Kicks Off 2010
With Arthur Miller's Classic
"All My Sons"
The Huntington Theatre Company will begin
the New Year with the Tony Award-winning classic "All
My Sons," Arthur Miller’s powerful
story of family relationships, personal responsibility, and the quest
for the American Dream.
Esbjornson, director of the premieres of Miller’s last
two plays ("The Ride Down Mt. Morgan" and
"Resurrection Blues"), joins the Huntington to direct
Miller’s first hit. Performance dates are January 8 – February
The production will feature acclaimed Boston actors Will
Lyman as family patriarch Joe Keller and Karen MacDonald
as his wife Kate. The cast also includes: Lee Aaron Rosen, Diane
Davis, Stephanie DiMaggio, Owen Doyle, Ken Cheeseman, Dee Nelson, Michael
Tisdale, Andrew Cekala and Spencer Evett.
According to Peter DuBois, the Huntington’s Artistic
Director, “David Esbjornson was Arthur Miller’s director
of choice late in life, staging the premieres of his last two plays. David’s
instincts with Arthur’s language and his characters are extraordinary.
He’ll bring a singular perspective to Miller’s earliest masterpiece.”
"All My Sons" is the story of family man and small business
owner, Joe Keller, in the years following World War II. Keller continues
to strive for the American Dream, despite being shaken by both the public
shame of his company’s sale of faulty airplane parts to the government
and the personal tragedy of his son who was missing-in-action. His wife
Kate is trapped by her grief, while their elder son Chris yearns to move
forward. When Chris announces his plan to marry his absent brother’s
fiancée, Kate is forced to confront her denial of the war’s
fatalities, Chris his father’s moral compromises, and Joe his true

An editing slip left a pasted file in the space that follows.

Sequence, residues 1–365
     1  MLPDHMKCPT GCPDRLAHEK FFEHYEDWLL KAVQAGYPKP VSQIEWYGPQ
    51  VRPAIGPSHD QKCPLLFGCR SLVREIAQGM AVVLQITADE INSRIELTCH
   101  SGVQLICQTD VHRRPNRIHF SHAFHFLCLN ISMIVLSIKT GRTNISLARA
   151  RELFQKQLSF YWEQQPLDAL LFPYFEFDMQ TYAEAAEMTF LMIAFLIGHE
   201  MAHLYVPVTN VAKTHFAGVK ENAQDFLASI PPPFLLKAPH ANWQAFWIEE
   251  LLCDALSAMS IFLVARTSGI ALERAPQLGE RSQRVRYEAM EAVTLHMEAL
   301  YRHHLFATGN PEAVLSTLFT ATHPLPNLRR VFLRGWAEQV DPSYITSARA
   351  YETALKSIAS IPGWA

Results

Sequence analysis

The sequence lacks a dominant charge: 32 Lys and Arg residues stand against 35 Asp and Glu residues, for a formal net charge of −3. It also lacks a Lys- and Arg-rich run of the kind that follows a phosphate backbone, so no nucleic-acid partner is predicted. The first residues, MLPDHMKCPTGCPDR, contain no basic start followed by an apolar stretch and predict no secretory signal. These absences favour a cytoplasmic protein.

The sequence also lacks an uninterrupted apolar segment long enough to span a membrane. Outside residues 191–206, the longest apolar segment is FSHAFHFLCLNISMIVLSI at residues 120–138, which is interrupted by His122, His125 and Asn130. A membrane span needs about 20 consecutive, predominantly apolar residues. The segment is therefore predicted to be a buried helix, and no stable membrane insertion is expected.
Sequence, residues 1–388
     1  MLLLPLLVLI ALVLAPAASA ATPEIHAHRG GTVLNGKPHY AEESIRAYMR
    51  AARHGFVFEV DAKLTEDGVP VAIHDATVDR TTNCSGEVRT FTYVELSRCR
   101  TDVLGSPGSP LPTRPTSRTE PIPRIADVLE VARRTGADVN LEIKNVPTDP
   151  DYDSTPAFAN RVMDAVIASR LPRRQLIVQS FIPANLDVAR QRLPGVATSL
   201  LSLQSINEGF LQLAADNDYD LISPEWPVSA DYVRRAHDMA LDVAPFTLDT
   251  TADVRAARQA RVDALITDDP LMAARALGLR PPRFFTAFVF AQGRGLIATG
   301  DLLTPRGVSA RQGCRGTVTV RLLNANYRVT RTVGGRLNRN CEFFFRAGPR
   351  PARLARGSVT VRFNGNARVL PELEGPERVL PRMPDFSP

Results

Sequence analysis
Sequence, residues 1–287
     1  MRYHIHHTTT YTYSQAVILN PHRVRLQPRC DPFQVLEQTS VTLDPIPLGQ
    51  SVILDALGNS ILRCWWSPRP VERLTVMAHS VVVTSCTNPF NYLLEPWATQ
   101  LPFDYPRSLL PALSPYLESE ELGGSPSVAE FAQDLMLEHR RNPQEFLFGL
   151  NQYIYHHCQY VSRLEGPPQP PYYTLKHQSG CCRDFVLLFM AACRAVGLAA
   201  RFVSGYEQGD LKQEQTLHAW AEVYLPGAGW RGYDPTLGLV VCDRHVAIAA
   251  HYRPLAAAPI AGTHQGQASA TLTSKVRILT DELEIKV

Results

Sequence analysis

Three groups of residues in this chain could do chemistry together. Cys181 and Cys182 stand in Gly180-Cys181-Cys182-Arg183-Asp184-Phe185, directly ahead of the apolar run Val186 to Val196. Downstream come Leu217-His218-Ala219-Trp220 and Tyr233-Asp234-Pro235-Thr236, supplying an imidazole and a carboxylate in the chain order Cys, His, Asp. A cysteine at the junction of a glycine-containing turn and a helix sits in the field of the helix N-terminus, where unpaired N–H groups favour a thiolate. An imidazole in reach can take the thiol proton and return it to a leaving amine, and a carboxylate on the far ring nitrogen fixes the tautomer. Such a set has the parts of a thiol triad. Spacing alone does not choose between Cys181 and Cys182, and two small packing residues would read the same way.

responsibilities to his family and to his country.
Esbjornson commented, “One of the reasons the play succeeds is because
all of the characters want something desperately. 'All My Sons' is really
not about whether someone has done something wrong, but about denial.
There are no obvious villains here, just people who are afraid, who have
made really bad choices and then tried to run away from them. These characters
are each in conflict, caught in a self-made purgatory.”
The themes of the play were extremely important to Miller long after he
completed "All My Sons." Esbjornson suggests, “I think
Arthur understood that there is nothing more insidious or ultimately more
destructive than when patriotism and profit become aligned. That was something
that followed him right up until the end of his life. He would visit Washington
all the time to make speeches about this and continued to write editorials.
He was very active in that way in trying to fight these forces and let
people know that these issues were still very much alive.”
Arthur Miller’s plays include "Death of a Salesman,"
"The Crucible," "A View from the Bridge," "A
Memory of Two Mondays," "After the Fall," "Incident
at Vichy," "The Price," "The Creation of the World
and Other Business," "The Archbishop’s Ceiling,"
"The American Clock," "Playing for Time," "The
Ride Down Mt. Morgan," "The Last Yankee," "Broken
Glass," "Mr. Peters’ Connections," "Resurrection
Blues," and "Finishing the Picture."
His other works include the novel Focus, the film
"The Misfits," and the texts for "In
Russia, In the Country, and Chinese Encounters," created
in collaboration with his wife, photographer Inge Morath.
His numerous awards include two New York Drama Critics Circle
Awards, two Emmy Awards, four Tony Awards
(including one for Lifetime Achievement), and the Pulitzer
David Esbjornson worked with Arthur Miller on the playwright's final two
premiere productions: "The Ride Down Mt. Morgan"
starring Patrick Stewart at The Public Theater and on
Broadway, and the world premiere of "Resurrection Blues"
at the Guthrie Theater. He is the former artistic director of Seattle
Repertory where he directed premieres of Ariel Dorfman’s
"Purgatorioi," Kevin Kling’s "How? How? Why? Why?,"
and the first major revival of Edward Albee’s "The
Lady from Dubuque." He has had a long-standing relationship
with Edward Albee, directing the Tony Award-winning play "The
Goat or, Who is Sylvia?," "The Play about the Baby,"
and "Who’s Afraid of Virginia Woolf?"
“David is an extraordinary director,” Miller told the Minneapolis
Star Tribune in 2001. “He’s got a strong structural sense
and a lovely way with actors – he makes them very confident and
gets the best out of them. He also has a strong design sense, which is
very important. On the whole, he’s one of the best directors I’ve
ever worked with."
For information and tickets, stop by the Huntington box
office, call 617-266-0800 or visit www.huntingtontheatre.org.